Live event organisers can now purchase insurance that will cover costs if their event has to be cancelled or delayed due to a government-imposed lockdown
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The £800 million scheme will not cover loss of revenue due to lower ticket sales, reduced venue capacity, or self-isolation of staff or acts
By IQ on 23 Sep 2021
Isle Of Wight Festival promoter John Giddings has criticised the British government’s long-awaited reinsurance scheme for live events.
The £800 million scheme, which opened yesterday (22 September), will cover costs incurred if an event has to be cancelled, postponed, relocated or abandoned due to a government-imposed lockdown in response to Covid-19.
The cover, which is a partnership between the government and the Lloyd’s of London insurance market, is now available to purchase alongside standard commercial events insurance for an additional premium.
However, Solo Agency boss Giddings tells IQ he believes the cover did not meet requirements.
“I think it’s a joke,” he says. “They want far too much money and there are too many caveats in it. I think they just keep paying us lip service like they have done all the way down the line.”
“[The British government] want far too much money and there are too many caveats in [the insurance scheme]”
Premium is set at 5% of the total value of insured costs (plus Insurance Premium Tax) and claims will be subject to an excess of 5% of the value of the insured costs or £1,000 (whichever is higher) per policy.
However, the scheme will not cover loss of revenue due to lower demand for tickets, reduced venue capacity, or self-isolation of staff or performers. “It was financially impossible and it didn’t cover the things it needed to cover,” adds Giddings.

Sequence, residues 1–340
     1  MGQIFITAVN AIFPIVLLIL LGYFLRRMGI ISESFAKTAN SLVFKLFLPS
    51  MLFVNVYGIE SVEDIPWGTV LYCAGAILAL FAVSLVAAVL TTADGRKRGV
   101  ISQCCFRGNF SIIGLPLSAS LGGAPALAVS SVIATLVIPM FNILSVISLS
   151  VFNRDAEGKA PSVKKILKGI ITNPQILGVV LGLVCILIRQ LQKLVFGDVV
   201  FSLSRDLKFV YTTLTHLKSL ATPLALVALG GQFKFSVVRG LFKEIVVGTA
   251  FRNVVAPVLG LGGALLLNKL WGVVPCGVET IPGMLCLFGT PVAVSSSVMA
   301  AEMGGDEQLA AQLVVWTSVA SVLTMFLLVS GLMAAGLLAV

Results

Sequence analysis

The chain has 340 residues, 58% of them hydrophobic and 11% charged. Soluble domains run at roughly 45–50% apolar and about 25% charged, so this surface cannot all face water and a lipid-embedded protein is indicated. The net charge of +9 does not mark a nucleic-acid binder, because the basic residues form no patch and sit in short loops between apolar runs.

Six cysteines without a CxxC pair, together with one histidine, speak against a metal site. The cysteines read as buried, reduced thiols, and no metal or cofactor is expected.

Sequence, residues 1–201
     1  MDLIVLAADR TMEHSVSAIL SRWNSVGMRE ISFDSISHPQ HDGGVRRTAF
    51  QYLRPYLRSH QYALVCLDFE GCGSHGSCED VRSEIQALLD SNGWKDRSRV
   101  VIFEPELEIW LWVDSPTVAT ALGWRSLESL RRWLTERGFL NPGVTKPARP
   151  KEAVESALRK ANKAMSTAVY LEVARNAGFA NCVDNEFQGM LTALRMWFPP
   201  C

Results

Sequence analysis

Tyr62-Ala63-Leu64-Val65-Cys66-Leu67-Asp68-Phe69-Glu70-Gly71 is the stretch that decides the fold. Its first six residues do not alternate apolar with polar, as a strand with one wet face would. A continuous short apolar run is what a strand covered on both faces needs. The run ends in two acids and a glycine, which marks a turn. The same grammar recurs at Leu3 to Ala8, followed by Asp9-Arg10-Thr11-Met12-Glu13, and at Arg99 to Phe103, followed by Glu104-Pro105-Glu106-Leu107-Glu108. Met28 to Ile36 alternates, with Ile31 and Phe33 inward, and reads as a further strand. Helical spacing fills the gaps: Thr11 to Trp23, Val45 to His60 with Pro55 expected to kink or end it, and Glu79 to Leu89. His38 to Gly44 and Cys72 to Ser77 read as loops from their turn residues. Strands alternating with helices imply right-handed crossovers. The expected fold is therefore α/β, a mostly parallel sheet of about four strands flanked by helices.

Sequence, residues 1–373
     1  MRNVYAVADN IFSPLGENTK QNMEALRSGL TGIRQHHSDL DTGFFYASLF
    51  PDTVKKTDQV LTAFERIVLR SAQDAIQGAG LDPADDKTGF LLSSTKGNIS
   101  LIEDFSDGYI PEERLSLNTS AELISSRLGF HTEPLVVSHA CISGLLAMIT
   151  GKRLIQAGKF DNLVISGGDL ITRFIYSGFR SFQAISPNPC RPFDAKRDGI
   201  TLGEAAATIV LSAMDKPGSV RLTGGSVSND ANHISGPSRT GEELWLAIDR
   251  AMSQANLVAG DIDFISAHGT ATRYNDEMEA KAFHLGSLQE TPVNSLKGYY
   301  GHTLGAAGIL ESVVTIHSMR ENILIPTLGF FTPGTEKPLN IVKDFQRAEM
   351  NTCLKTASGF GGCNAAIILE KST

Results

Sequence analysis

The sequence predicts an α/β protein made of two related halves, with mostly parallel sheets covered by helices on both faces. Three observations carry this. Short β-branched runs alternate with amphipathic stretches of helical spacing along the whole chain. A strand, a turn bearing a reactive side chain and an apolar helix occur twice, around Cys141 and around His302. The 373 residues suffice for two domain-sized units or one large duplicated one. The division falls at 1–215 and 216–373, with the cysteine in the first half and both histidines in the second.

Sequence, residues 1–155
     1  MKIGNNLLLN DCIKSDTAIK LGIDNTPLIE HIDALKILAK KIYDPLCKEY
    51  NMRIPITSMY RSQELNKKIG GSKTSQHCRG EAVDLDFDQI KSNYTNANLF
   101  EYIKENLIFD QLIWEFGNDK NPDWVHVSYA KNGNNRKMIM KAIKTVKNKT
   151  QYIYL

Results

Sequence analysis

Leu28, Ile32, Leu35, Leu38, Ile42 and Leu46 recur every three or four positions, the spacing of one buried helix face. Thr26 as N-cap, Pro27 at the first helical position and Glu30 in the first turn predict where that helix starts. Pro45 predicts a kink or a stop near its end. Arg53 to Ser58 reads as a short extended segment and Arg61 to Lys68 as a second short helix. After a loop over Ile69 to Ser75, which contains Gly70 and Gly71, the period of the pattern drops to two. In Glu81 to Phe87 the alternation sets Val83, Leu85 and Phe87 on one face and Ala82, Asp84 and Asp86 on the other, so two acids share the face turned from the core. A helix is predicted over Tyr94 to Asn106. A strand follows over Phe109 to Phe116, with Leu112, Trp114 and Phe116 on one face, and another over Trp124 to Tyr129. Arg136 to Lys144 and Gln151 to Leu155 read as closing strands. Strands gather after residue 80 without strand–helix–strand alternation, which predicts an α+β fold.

On a brighter note, Giddings says last weekend’s return of the Isle Of Wight Festival, headlined by Liam Gallagher, Snow Patrol, David Guetta and Duran Duran, could not have gone better.
“It was incredible,” he says. “It was four days of sunshine, all the bands turned up and the audience were gagging for it. We had incredible demand and the audience were incredibly excited about being out in the open air again.
“It was complete absolute, utter luck on our behalf that the weekend in June we should have done it poured with rain every day and the dates in September, the sun shone every day and it was like an Indian summer.”
“Somebody said to me, ‘What do you think about 50,000 people in a field?’ and I said, ‘Well, it’s safer than going to the supermarket.’”
The 2021 event was switched to September due to the pandemic, but will return to its traditional weekend next year from June 16-19. The 2022 line-up is due to be unveiled on Monday morning (September 27).
“When it was obvious June was going to be a problem this year, we took the executive decision to move to September, so that we didn’t have to move another year,” explains Giddings. “We certainly had good ticket sales and a very excitable audience, but it’s such a gamble with the weather, that’s the problem.
“The good news was it got darker earlier, so the top three acts played in darkness as opposed to the top one and a half acts. But it does get cold at night, I have to say.”
In line with government guidelines, ticket-holders were required to either be double-jabbed at least 14 days before the festival, proof of a negative lateral flow test or an exemption in order to be permitted entry.
“Everybody was willing to do it and they expected it. It was a collective responsibility,” says Giddings. “Somebody said to me, ‘What do you think about 50,000 people in a field?’ and I said, ‘Well, it’s safer than going to the local supermarket.’”
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